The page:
The “Big Three’s” stranglehold on world tennis is not quite as tight as it once was, according to a longtime ATP tour pro.
French player and former world number six Gilles Simon, said the chasing pack is catching up the sport’s top stars ahead of this summer’s Grand Slams at the French Open and Wimbledon.
Speaking to L’Equipe in France, Simon looked back at the final of the Italian Open in Rome, where Rafael Nadal and Novak Djokovic were made to battle to reach the tournament finale before Nadal eventually claimed the title.
“The margin is shrinking,” said the former Australian Open and Wimbledon quarter-finalist.
“Their level of play has dropped a little with the constraints of age, but they still reach the final.”
Simon also suggested that the overall level of play from the pair perhaps isn’t quite as high as it was a few years ago.
“I found Nadal and Djokovic less efficient than a few years ago,” he continued.
“They have less margin (for error), they are more and more hooked by increasingly different players.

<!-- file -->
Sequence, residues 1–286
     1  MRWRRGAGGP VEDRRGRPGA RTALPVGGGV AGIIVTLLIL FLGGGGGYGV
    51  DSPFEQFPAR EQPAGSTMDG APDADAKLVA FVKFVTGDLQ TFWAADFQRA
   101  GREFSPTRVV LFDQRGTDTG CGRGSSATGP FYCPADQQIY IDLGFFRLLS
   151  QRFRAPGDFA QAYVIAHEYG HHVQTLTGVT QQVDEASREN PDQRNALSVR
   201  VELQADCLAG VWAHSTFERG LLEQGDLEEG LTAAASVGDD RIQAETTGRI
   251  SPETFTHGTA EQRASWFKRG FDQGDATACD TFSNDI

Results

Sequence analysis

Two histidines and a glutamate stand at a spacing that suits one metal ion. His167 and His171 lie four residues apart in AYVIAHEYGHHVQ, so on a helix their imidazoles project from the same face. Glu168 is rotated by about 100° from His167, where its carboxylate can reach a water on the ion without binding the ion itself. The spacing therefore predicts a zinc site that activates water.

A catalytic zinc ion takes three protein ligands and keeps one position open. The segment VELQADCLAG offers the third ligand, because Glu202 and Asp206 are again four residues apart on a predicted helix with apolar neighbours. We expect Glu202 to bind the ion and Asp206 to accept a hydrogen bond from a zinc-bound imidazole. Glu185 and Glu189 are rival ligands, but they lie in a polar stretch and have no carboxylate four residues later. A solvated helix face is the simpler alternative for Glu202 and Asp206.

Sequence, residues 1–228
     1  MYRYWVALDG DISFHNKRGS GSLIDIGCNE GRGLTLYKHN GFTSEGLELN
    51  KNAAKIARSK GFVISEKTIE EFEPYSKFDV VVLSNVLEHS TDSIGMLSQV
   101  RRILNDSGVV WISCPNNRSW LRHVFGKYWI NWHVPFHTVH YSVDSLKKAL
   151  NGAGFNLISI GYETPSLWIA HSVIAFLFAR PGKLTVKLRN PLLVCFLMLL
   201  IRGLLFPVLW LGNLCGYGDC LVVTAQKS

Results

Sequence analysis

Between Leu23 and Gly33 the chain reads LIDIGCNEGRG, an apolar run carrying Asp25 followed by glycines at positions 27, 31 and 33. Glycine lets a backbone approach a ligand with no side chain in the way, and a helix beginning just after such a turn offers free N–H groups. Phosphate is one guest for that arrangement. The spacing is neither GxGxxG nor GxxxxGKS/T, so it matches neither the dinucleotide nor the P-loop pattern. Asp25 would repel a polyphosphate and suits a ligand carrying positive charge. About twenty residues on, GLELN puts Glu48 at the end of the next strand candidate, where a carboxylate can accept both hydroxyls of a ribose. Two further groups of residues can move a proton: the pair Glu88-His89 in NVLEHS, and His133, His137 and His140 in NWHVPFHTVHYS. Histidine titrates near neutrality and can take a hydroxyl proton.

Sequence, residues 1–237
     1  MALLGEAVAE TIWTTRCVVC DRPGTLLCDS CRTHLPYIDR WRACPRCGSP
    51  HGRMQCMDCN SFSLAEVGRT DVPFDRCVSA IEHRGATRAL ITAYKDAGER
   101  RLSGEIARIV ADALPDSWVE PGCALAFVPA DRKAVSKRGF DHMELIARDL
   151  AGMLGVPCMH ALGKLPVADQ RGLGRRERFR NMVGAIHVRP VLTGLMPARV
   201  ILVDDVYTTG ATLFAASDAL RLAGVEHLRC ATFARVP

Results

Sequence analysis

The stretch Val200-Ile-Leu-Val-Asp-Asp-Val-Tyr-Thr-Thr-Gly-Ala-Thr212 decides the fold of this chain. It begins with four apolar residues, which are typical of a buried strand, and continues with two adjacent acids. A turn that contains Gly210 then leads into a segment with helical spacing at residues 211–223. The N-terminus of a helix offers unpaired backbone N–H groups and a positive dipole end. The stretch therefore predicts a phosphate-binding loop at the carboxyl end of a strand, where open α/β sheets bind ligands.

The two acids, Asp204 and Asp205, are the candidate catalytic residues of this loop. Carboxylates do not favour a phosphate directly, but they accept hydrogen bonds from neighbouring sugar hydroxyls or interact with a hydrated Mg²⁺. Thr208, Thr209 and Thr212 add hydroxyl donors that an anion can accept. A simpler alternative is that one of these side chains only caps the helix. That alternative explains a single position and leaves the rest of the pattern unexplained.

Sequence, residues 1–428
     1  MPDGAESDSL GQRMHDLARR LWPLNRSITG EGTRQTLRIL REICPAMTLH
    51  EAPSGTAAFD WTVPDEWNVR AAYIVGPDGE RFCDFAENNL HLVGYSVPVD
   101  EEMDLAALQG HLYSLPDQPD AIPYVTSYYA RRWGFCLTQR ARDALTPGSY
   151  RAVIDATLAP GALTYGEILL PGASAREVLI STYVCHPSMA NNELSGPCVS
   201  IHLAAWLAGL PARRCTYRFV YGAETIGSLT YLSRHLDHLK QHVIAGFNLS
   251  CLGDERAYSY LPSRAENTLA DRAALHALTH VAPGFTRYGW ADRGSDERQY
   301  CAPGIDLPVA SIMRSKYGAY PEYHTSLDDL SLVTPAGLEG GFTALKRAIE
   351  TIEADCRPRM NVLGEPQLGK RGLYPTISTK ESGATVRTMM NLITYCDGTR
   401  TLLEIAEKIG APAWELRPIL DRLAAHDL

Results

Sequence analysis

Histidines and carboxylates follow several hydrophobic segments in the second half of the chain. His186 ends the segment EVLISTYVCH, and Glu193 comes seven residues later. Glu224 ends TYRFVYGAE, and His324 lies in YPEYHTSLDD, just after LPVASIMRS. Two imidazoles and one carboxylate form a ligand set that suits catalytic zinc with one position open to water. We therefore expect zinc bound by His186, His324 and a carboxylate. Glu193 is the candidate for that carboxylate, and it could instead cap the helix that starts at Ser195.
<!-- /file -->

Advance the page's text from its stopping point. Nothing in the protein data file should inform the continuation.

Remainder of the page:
“They have fewer and fewer quiet matches. But … it holds!
“This is where you see they are strong.”
Nadal and Djokovic are scheduled to be in the same half of the draw at Roland Garros, with the French Open seeing the pair at 1 and 3, respectively, with Russian player Daniil Medvedev splitting the two.
It has led to suggestions that the seeding committee at the French Open should have kept the two big stars apart to set up a potential blockbuster final between Nadal and Djokovic.
But Simon disagreed with that sentiment.
“We cannot do the paintings we want to do,” he explained.
“The classification exists, the points have not been stolen.
“I like this notion of classification. And Daniil deserves to be number two.
“Otherwise, we just have to take a Twitter ranking or a Facebook ranking.”
Simon also weighed in on Roger Federer’s battle for fitness ahead of the French Open.
Federer crashed out of the Geneva Open at the first attempt against unheralded Spanish player Pablo Andujar, depriving him of valuable competitive match time ahead of Roland Garros.
It led Federer to cast doubt on his participation in France, and Simon said that the Swiss star was only viewing the French Open as a means to an end as he looks to rebuild his fitness for Wimbledon later this summer.
“Clay is no longer really his goal,” explained the current world number 68.
“I don’t think Roland Garros is the Grand Slam tournament he most wants to win right now.
“He plays on clay to hope to win matches, polish his physique and bring it all to the grass. There it will be more painful.
“The Grand Slam he has in mind is Wimbledon.”